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We know that sounds strange. With the financial crisis still being felt, and credit standards still tight, there's an interestingly opportunistic environment in consumer credit. When banks are conserving capital so greedily that they aren't even making loans to people with good credit - much less bad credit - there's an opening at the bank window. Since all the banks are busy borrowing from the Fed's window, no bank tellers are left to man the banking windows and make any loans to consumers.
Which is where a personal loans company called Prosper.com comes into the story...
Prosper.com is the leading provider of a new type of personal loan which results in a note which can then be bought and sold, individually or in bulk - just like other equity issues. Additionally, diversification can be achieved rather easily, as an individual investor need only partake of a minimum of a $25 chunk of any one particular loan. In a marketplace with hundreds or thousands of loans available to select from each day, statistically significant diversification is easily achieved with a minimum investment in the $5k to $10k range. So, even small retail investors can get in on the action with a relatively small initial investment.
Prosper's business model is rather intriguing. It's a bit of a cross between eBay (Pierre Omidyar, founder of eBay, is a Prosper investor) and a normal equity exchange. Borrowers post listings on Prosper for personal loans up to $25,000 and investors can sift through the loan requests, view anonymized credit details, run quantitative analysis on the past performance of all loans in the marketplace, and define an investment strategy for their particular level of risk tolerance and targeted return. Prosper scores the loans based upon the same credit bureau information that a credit card company would use and provides a wide range of credit variables by which lenders can pick and choose which loans to invest. Alternatively, investment can be made via setting your investment criteria in a "plan" and you can then automatically deploy your own capital, in tiny chunks, over large numbers of individual personal loans which meet the criteria you've set, much as a limit order would function in a traditional equity market.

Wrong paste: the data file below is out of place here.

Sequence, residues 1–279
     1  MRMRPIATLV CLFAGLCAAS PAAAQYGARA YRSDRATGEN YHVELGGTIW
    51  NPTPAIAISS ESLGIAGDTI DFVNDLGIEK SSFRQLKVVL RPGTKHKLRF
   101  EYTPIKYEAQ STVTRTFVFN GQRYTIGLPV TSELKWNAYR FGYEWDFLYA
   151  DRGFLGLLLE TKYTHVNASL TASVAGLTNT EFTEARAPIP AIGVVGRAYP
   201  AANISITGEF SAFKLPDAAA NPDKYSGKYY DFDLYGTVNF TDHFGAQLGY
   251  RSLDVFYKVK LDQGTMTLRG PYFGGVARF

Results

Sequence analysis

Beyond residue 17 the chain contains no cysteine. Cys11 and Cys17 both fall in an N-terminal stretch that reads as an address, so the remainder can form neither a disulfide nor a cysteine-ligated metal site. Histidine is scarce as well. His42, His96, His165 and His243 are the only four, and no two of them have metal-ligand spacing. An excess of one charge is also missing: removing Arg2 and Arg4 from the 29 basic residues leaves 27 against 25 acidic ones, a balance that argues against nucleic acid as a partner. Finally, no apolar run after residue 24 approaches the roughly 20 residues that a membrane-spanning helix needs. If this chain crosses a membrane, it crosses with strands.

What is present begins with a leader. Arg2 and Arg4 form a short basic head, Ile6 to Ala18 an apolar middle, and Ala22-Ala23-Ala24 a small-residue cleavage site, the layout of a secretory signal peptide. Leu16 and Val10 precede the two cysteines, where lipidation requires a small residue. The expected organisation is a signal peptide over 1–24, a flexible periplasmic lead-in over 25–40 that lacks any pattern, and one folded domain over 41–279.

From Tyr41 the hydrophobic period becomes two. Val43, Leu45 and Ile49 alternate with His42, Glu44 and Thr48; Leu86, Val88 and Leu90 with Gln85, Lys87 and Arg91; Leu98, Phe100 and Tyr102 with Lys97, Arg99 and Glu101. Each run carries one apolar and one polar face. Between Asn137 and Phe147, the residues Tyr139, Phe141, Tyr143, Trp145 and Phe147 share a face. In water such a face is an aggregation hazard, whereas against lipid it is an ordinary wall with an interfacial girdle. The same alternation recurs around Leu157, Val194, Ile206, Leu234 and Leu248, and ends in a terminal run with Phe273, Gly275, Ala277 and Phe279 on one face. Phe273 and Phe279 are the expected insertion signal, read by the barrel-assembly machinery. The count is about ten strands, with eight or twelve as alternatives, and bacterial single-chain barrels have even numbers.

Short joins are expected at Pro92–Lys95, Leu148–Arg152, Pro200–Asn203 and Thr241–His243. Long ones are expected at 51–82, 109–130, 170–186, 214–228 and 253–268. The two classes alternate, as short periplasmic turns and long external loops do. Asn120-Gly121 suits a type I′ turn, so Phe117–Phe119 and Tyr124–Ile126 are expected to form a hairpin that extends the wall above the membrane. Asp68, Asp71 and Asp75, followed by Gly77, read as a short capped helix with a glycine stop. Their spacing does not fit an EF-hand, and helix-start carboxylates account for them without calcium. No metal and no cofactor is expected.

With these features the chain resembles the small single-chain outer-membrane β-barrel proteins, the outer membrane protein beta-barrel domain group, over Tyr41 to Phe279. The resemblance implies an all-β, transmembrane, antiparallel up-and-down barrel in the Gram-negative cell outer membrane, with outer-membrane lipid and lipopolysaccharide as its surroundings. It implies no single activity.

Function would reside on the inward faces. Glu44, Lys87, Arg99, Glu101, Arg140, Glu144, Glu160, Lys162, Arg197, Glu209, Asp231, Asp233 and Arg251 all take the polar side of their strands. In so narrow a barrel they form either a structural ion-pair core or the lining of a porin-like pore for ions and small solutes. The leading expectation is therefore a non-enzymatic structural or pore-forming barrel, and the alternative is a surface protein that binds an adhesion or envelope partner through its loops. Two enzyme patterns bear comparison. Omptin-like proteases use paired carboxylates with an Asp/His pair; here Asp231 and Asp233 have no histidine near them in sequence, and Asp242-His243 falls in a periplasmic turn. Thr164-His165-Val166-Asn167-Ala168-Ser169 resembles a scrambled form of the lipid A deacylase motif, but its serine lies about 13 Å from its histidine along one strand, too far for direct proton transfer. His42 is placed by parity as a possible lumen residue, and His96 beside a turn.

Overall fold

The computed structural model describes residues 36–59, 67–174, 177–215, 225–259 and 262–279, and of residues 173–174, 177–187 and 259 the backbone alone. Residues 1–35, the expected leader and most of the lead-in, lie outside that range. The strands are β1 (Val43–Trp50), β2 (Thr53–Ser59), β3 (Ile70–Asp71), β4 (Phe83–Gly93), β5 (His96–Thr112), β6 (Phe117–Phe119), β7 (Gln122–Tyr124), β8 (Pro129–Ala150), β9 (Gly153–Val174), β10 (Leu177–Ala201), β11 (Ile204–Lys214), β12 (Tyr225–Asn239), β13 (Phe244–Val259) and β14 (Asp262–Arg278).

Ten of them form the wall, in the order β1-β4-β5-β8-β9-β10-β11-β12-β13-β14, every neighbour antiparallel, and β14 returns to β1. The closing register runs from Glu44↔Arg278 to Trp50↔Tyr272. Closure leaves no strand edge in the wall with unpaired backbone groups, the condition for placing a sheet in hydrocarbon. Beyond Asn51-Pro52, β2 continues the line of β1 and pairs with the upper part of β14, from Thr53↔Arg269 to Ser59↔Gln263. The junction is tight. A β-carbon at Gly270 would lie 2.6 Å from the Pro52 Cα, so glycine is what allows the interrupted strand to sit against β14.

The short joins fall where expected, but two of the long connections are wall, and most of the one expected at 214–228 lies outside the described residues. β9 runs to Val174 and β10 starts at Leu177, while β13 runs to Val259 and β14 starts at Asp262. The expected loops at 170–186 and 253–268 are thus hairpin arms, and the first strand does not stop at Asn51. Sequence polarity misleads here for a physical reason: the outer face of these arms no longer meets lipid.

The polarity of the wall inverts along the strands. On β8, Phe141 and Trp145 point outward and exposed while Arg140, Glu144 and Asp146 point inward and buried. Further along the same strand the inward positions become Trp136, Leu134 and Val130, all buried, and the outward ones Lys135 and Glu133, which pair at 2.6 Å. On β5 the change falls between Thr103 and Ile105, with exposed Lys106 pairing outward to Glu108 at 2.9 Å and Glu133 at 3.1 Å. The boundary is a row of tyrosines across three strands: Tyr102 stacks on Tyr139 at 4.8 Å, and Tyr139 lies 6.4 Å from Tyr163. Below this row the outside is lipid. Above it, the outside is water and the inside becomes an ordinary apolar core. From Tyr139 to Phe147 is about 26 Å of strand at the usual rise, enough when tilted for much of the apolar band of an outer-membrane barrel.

Prosper's personal loan rates for borrowers range from about 6% to 35%, depending on the borrower's credit score, credit history, and a number of other factors. Prosper's loans are all unsecured loans and they report borrower payment histories to the major credit bureaus and handles debt collection efforts when necessary. The majority of the loans are for debt consolidation, though loans for purposes such as weddings, motorcycle financing, and even environmentally conscious "green" loans are available, as well.
Prosper is reporting average returns on personal loans that it's issued since 2009 of around 10% with some of the lower credit quality (but higher yield) loans clocking in at between 14-17%, on a risk-adjusted basis. They make their money by charging borrowers an origination fee in the .5% to 4.5% range, depending on credit quality of the individual borrower, on a sliding scale (higher credit quality borrowers pay less, borrowers with lower credit quality pay more). Lender fees, or what Prosper calls "Loan Servicing Fees" (since it handles all payment processing, pulls money from borrower bank accounts each month and returns that money to lenders pro-rata, based upon their share of each particular Prosper loan) are a flat 1.0% of outstanding principal balance invested, annually compound.
Prosper.com offers personal loans to individuals online and is run by Chris Larsen, former CEO of eLoan.com. Prosper has issued $250 million in personal loans, currently, and recently received a fresh VC injection of $17.2mm in operating capital, including investment from Google's former CEO & current Executive Chairman, Eric Schmidt.
As always, GoodStocks does not offer investment advice - and leaves you to draw your own conclusions about investment alternatives!-The GoodStocks Gang, 6/14/2011 (Last updated on 11/17/2015)
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